Author Helen Lewis has a piece in the Atlantic today which serves as a reminder that Twitter is not the real world. In fact, because the site’s users skew younger and farther to the left than most voters, it’s actually a progressive bubble. Lewis, who writes from London is focused on the debates between Labour and the Tories, but what she sees happening in the UK is happening in the US as well:

This phenomenon has been more thoroughly studied in the U.S., where The New York Times has reported that “the views of Democrats on social media often bear little resemblance to those of the wider Democratic electorate.” Active political tweeters in America were whiter, more left wing, more likely to be college educated, and less likely to say that “political correctness was a problem” than primary voters as a whole…

The genuine fury from the left at people three inches closer to the political center reflects a turbocharged tribalism. Freud called this “the narcissism of small differences”; the legal scholar Cass Sunstein calls it “group polarization,” where “deliberation tends to move groups, and the individuals who compose them, toward a more extreme point.” In his 2019 book Conformity, Sunstein noted that “confident people are both more influential … and more prone to polarization.” One consequence of group polarization, he found, was that those who held a minority position, or had useful information that ran counter to the prevailing trend, stayed silent or were ignored. Their groups therefore made worse decisions.

The Twitter Primary drives its members to extremes, while chilling the speech of outsiders. An excess of certainty leads activists to bad decisions and misapprehensions. Spend enough time on Twitter and you could believe that Corbyn “won the argument” in December, despite losing the general election. The postmortem on Labour’s defeat risks being hampered by a pervasive sense on social media that the party didn’t really lose, not really: Well, everyone I know voted for Corbyn. Activists may intellectually concede the reality of the Conservatives’ 80-seat majority, but it doesn’t feel like the Tories won. And that means there is less reason for them to support a change in tactics.

I wonder if we’ll see the same dynamic with Bernie Sanders. He’s immensely popular online and has a real chance to win the Democratic nomination but will he have a real shot in the general election? I think this may be another case where the Twitter bubble isn’t showing us a representative sample of American voters or what they think of Democratic Socialism.

So who are the people who make up the progressive bubble on Twitter? In an earlier Atlantic piece on political correctness, Yascha Mounk pointed out that progressive activists tend to be rich, educated, and white:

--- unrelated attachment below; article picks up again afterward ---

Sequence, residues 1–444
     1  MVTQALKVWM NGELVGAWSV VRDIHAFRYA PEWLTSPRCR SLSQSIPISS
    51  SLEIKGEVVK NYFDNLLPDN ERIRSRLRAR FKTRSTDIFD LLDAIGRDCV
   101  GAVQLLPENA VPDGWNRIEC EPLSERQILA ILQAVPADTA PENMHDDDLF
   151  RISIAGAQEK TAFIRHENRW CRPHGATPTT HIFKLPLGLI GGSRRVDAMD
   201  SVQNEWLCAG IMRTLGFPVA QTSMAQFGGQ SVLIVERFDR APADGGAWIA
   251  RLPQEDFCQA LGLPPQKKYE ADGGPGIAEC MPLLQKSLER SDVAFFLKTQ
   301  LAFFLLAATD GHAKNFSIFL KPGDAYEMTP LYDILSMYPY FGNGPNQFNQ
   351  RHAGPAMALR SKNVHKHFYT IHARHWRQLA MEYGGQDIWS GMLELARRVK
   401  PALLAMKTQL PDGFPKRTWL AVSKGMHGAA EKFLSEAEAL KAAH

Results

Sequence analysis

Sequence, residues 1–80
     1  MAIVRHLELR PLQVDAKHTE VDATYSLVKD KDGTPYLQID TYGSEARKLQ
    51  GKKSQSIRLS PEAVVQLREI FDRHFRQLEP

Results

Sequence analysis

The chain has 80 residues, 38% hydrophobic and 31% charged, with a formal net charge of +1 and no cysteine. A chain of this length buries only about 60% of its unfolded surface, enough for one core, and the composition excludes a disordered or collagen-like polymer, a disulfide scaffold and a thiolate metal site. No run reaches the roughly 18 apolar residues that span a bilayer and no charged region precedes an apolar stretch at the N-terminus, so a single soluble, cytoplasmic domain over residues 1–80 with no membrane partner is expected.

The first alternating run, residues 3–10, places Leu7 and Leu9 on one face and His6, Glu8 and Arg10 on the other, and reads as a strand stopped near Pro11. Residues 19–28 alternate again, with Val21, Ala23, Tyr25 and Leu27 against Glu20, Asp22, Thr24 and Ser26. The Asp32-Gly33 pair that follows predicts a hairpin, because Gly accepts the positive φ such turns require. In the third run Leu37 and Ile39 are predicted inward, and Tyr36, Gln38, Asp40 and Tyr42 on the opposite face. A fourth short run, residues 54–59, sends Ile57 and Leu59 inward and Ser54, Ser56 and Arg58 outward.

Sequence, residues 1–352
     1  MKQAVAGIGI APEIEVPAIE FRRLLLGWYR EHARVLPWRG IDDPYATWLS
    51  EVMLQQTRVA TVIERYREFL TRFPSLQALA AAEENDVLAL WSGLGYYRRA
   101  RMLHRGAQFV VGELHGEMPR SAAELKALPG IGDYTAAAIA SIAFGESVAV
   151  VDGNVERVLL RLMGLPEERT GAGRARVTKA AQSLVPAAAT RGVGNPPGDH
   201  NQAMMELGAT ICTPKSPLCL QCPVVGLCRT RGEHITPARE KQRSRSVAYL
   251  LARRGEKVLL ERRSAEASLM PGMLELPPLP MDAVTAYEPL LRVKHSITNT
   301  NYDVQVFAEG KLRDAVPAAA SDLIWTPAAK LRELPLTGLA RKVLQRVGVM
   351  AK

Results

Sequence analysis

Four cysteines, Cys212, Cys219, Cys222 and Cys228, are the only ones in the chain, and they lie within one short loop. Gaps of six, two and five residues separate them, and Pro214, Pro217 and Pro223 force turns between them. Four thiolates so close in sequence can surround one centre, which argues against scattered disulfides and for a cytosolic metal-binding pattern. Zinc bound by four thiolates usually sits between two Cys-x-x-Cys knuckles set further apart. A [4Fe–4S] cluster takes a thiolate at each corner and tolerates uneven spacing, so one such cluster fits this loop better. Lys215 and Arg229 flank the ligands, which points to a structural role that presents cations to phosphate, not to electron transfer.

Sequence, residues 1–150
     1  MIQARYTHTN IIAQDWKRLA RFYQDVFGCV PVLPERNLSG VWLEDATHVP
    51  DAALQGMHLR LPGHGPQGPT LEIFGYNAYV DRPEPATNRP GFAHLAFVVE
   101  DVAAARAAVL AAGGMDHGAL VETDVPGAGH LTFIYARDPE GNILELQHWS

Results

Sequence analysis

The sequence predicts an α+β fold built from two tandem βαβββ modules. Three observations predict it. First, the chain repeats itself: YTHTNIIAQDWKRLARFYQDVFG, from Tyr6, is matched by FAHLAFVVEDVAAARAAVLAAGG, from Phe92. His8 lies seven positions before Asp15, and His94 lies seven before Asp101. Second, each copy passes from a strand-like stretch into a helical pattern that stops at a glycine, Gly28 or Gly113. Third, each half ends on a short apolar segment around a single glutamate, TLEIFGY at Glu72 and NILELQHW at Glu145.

Among devoted conservatives, 97 percent believe that political correctness is a problem. Among traditional liberals, 61 percent do. Progressive activists are the only group that strongly backs political correctness: Only 30 percent see it as a problem.

So what does this group look like? Compared with the rest of the (nationally representative) polling sample, progressive activists are much more likely to be rich, highly educated—and white. They are nearly twice as likely as the average to make more than $100,000 a year. They are nearly three times as likely to have a postgraduate degree. And while 12 percent of the overall sample in the study is African American, only 3 percent of progressive activists are. With the exception of the small tribe of devoted conservatives, progressive activists are the most racially homogeneous group in the country.

And because the users of Twitter tend to be younger, better educated, and wealthier, the impression you get online is that these folks are the norm or at least represent a controlling interest in the Democratic Party. But it’s not true. Social Justice Warriors have a loud voice on social media but represent a small fraction of the country.

What the SJWs do have going for them is a lot of influence with journalists who hold broadly similar views. As Lewis puts it, “Ultra-liberal attitudes to race and gender are indeed not held by the masses, including racial minorities. But, crucially, they are held by the peers of the journalists writing those pieces, with whom these journalists hang out on Twitter.”

And that’s how you wind up with half a dozen stories attacking the latest Dave Chappelle comedy special for his criticisms of cancel culture while the overwhelming majority of viewers just think he’s hilarious. It’s how you get glowing reviews for Lady Ghostbusters while most viewers think it’s just a bad movie. That kind of disproportionate influence on the media may seem like a blessing for the left but it could be a curse if they wind up selecting a far left candidate who isn’t acceptable to the bulk of the population. That’s what happened to Jeremy Corbyn and it could happen to Bernie Sanders too.